Like others,8,9 we defined a recurrent stroke using the above definition7 in which (1) there was clinical evidence of the sudden onset of a new focal neurological deficit with no apparent cause other than that of vascular origin (ie, the deficit could not be ascribed to an intercurrent acute illness, epileptic seizure, or toxic effect) occurring at any time after the index stroke or (2) there was clinical evidence of sudden onset of an exacerbation of a previous focal neurological deficit with no apparent cause other than that of vascular origin occurring >21 days after the index stroke. Each recurrent stroke was classified as ischemic, hemorrhagic, or of undetermined nature on the basis of neuroimaging performed within 28 days of the ictus or necropsy. Hemorrhagic stroke includes both primary intracerebral hemorrhage and subarachnoid hemorrhage.
We classified the causes of death into the 5 groups that were used in the Oxfordshire Community Stroke Project:10 (1) deaths resulting from first-ever stroke were due to the direct effects of the brain lesion or complications of resulting immobility, including deaths from bronchopneumonia even if they occurred several years after the stroke if stroke-related disability was thought to be contributory; (2) deaths resulting from recurrent stroke were due directly to the brain lesion or complications of immobility8,9; (3) deaths caused by cardiovascular events were those definitely or probably from myocardial infarction, ruptured aortic aneurysms, peripheral arterial disease, or sudden death when there was no alternative explanation; (4) deaths from nonvascular events were those not due to any stroke-related disability and included such illnesses as cancer, injuries, or suicide; and (5) deaths of undetermined cause were those in which there was insufficient information to establish a cause.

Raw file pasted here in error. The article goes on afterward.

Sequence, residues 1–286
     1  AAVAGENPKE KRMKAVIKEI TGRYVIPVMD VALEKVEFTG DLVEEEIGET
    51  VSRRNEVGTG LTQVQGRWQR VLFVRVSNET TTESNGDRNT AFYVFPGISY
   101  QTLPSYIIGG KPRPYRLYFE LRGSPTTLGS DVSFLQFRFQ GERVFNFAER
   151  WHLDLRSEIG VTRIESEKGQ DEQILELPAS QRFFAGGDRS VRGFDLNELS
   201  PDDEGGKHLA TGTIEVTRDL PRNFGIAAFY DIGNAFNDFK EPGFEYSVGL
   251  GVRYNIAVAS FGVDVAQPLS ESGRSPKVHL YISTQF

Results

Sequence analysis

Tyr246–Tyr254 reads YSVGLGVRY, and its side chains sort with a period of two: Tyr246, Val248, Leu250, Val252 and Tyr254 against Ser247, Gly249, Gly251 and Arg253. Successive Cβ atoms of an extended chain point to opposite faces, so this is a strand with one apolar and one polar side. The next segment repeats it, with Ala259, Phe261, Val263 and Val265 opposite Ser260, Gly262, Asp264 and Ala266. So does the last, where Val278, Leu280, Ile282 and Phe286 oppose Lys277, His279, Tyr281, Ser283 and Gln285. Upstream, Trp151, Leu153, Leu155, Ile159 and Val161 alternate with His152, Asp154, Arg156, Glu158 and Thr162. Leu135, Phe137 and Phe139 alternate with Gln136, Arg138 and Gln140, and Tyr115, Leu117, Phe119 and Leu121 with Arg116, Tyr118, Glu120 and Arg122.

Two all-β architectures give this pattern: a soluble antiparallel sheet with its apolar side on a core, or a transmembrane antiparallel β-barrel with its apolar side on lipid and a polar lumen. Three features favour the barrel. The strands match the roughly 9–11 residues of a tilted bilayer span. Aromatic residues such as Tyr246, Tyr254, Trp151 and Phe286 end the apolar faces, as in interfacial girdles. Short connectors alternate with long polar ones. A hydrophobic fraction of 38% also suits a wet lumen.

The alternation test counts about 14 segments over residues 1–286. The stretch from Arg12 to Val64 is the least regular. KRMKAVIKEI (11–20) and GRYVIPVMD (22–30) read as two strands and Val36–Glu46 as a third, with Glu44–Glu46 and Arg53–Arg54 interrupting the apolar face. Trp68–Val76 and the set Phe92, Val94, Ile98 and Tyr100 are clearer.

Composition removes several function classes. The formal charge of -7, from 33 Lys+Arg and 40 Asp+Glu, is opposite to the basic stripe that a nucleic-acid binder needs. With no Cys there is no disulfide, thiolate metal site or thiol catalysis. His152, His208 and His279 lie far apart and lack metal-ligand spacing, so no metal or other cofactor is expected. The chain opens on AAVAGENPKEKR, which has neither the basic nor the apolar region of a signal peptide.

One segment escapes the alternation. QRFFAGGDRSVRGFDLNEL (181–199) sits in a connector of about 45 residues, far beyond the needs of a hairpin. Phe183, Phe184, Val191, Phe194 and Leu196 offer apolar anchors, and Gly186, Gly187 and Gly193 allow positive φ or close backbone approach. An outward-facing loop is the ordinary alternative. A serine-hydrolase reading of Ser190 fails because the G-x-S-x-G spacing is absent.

The Kaplan-Meier product-limit technique was used to generate survival probabilities and survival curves based on the 197 deaths within 10 years. In addition, we compared the cumulative incidence of deaths over 10 years of follow-up (observed deaths) with the expected incidence of deaths in the general population (expected deaths) derived from the age- and sex-specific rates of death from the official mortality statistics for Western Australia11 and calculated with the SAS macro Survexp.12 The ratio of observed to expected frequency of deaths was calculated from the Poisson distribution and reported with 95% confidence intervals (CIs). Outcomes of patients with hemorrhagic and ischemic stroke subtypes were compared as odds ratios (ORs), and the 95% CIs were calculated using the probability distribution of the natural logarithm.
Overall, the PCSS included 328 patients with acute stroke during the 12-month recruitment period in 1989 to 1990, among whom 251 (77%; 95% CI, 72 to 81) had had a first-ever stroke. Cerebral infarction accounted for 69% (95% CI, 63 to 75) of all strokes; primary intracerebral hemorrhage, 13% (95% CI, 9 to 17); and subarachnoid hemorrhage, 4% (95% CI, 2 to 6).
There were 251 patients (mean±SD age, 72.7±13.9 years; median, 76.0 years) with first-ever stroke who served as the denominator for the survival analyses. The vital status of only 7 of these patients was not known after 10 years of follow-up; all were male and relatively young (mean age, 59 years; range, 23 to 80 years at time of first-ever stroke). However, these patients were known to be alive at the 5-year follow-up point and contribute to the Kaplan-Meier calculations at time points before loss of contact.
Survival at 10 Years